Religion, secularism and Quebec identity are proving a volatile mix in a battle of words on the provincial election trail. Parti Quebecois candidate Djemila Benhabib drew a vitriolic response from a local mayor Wednesday for saying the crucifix should be taken down from the Quebec legislature chamber. Jean Tremblay, mayor of Saguenay, QC, and a professed Catholic, told a popular Montreal radio program that voters should be wary of her because she “comes from Algeria.”

The legacy of Aqsa Parvez, and the many poisonous definitions of honour (Jonathan Kay, National Post)
Five years ago, Waqas Parvez strangled his 16-year-old sister Aqsa to death in their Mississauga home after she refused to wear the hijab. Ontario Superior Court Justice Bruce Durno spoke for many of us when he declared himself profoundly disturb[ed]that a 16-year-old could be murdered by a father and brother for the purpose of saving family pride, for saving them from what they perceived as family embarrassment. More than any other single crime, the murder of Aqsa Parvez by her Pakistani-Canadian Muslim family woke Canadians up to the phenomenon of honour killings. In denouncing this particularly abhorrent motivation for murder, the judge gave voice to our understanding of honour killings as a pathology quite distinct from ordinary domestic violence.

Canada gets a little bigger, a little better (Justin Parsons, Banff Crag and Canyon)
For 50 new Canadians, the dream of citizenship came true on the shores of Lake Minnewanka during a ceremony on Thursday, Aug. 9. Immigrants from 23 different countries recited their oaths, sang the national anthem and received their citizenship certificates in the annual ceremony. Today, Canada is bigger and better than it was just one hour ago, said citizenship judge Joseph Woodward. Now when you travel the world and people ask where youre from, you can say Im from Canada. Former Canmore mayo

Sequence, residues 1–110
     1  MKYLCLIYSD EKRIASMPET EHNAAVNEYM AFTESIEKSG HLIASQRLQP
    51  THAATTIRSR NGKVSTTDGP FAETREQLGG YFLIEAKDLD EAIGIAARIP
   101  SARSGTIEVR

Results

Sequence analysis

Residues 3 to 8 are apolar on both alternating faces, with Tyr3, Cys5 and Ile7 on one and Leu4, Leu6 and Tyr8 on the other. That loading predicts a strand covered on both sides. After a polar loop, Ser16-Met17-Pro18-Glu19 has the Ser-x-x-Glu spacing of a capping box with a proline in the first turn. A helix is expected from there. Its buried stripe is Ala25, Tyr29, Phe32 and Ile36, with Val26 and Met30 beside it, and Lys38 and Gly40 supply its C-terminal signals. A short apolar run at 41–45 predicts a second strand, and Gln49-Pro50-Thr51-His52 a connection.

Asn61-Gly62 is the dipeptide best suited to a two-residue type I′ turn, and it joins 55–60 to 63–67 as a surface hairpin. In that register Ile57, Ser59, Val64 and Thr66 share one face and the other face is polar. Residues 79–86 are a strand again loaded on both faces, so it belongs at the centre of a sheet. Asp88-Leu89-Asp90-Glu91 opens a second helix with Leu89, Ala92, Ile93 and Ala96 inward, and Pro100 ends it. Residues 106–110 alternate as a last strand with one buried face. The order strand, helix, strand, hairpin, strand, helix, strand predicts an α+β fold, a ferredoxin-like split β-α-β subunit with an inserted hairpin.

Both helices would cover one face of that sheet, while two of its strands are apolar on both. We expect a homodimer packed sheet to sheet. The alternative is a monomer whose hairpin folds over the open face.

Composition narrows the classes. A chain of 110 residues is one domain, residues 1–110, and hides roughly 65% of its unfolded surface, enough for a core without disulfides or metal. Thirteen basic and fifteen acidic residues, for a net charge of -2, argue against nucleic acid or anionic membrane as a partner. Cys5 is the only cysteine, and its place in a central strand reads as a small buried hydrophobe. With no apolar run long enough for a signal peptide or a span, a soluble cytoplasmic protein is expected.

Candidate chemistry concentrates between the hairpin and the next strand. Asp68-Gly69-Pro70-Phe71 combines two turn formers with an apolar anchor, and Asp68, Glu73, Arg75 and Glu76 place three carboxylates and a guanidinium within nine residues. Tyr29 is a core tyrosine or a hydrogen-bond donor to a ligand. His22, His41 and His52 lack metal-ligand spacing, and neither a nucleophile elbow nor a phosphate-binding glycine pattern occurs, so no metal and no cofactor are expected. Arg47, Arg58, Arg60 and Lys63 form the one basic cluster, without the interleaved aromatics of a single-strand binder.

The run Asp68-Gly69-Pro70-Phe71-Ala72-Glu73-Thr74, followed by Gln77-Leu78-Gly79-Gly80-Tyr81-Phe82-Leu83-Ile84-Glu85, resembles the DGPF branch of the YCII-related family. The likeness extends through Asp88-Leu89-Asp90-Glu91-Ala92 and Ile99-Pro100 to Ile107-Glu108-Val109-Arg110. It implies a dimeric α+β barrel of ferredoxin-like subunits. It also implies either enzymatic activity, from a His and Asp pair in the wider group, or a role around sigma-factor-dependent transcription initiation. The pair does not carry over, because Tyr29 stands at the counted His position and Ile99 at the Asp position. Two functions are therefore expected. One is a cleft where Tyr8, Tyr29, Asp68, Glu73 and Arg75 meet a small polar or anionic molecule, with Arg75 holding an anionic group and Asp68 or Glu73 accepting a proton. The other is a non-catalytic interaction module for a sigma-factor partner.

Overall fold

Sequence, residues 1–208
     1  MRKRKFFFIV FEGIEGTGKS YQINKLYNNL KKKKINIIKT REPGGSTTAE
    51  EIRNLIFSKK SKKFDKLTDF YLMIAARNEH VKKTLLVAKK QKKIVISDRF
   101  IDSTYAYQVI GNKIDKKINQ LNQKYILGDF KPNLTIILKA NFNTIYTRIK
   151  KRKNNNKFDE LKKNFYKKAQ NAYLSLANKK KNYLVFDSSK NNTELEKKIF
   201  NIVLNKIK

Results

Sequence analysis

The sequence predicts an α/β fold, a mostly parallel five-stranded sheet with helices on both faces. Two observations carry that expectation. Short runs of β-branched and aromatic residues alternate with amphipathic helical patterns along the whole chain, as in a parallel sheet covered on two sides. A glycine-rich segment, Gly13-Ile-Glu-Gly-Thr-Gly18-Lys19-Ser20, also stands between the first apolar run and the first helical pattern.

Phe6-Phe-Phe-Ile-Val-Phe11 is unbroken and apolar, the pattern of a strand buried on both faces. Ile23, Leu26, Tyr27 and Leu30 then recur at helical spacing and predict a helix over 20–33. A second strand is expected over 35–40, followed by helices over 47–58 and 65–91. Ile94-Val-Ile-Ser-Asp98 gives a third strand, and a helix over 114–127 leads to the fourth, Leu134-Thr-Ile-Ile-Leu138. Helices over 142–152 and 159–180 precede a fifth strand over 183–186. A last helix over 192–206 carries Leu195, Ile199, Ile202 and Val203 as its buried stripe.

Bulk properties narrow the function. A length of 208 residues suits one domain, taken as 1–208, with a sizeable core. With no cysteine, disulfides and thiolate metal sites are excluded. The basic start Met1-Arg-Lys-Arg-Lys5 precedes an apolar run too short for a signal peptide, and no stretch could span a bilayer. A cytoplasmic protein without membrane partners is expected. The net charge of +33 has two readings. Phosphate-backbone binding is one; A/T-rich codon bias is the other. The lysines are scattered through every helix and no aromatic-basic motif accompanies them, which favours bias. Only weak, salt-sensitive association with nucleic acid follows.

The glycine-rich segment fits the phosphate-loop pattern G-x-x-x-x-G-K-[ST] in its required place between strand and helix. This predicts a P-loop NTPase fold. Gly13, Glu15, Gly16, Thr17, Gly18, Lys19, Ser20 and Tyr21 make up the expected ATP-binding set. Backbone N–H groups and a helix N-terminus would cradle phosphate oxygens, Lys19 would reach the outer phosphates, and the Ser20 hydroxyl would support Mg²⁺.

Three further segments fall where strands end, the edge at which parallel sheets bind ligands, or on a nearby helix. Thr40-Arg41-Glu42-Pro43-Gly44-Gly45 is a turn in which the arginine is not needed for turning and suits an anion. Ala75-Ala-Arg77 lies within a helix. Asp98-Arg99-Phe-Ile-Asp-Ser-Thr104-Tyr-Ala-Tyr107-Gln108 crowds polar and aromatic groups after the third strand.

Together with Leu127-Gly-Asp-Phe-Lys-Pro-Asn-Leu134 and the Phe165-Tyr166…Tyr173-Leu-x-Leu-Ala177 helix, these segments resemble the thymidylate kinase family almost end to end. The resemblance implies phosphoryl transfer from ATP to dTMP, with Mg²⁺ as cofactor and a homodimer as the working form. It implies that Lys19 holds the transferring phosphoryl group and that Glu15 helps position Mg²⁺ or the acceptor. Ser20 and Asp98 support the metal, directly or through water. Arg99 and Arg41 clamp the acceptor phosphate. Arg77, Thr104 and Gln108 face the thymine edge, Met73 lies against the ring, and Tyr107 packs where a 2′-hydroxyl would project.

Popular anti-Muslim myths busted in new book (Haroon Siddiqui, Toronto Star)
It started in the far reaches of the Internet and the mutterings of the political right, then in increasingly mainstream and mass-market venues and has since entered the central corridors of European and American politics. So writes Doug Saunders in The Myth of the Muslim Tide (Alfred Knopf Canada), to be released next week. He is the European bureau chief of the Globe and Mail, and author of the much-acclaimed Arrival City (about the sprawling slums of Mumbai, Rio, London, Paris, Chongqing, Los Angeles, etc. the first stop in the mass migration of millions from rural to urban areas). Saunders was living in the U.S. during the Sept. 11 attacks and in London during the July 7, 2005, subway bombing. He has reported extensively on the war on terror and on Islamophobia in Europe.–popular-anti-muslim-myths-busted-in-new-book

York leaders clash over controversial Muslim rally (
York Region Islamic Society president Zafar Bangash participated in last year’s controversial Muslim rally, known as International Day of Al-Quds. The organization’s Gormley headquarters is one seven bus pick-up locations for those attending Saturday’s rally at Queen’s Park, according to Facebook site ‘Al-Quds Rally Toronto’. A wave of concern is flooding Queens Park following a decision to allow a controversial Muslim rally, known as International Day of Al-Quds, to be held Saturday on legislative grounds. Thornhill Tory MP Peter Kent and Progressive Conservative MPP Peter Shurman are leading the calls of condemnation, accusing the Islamic group of using Ontarios government buildings to propagate hatred.–york-leaders-clash-over-controversial-muslim-rally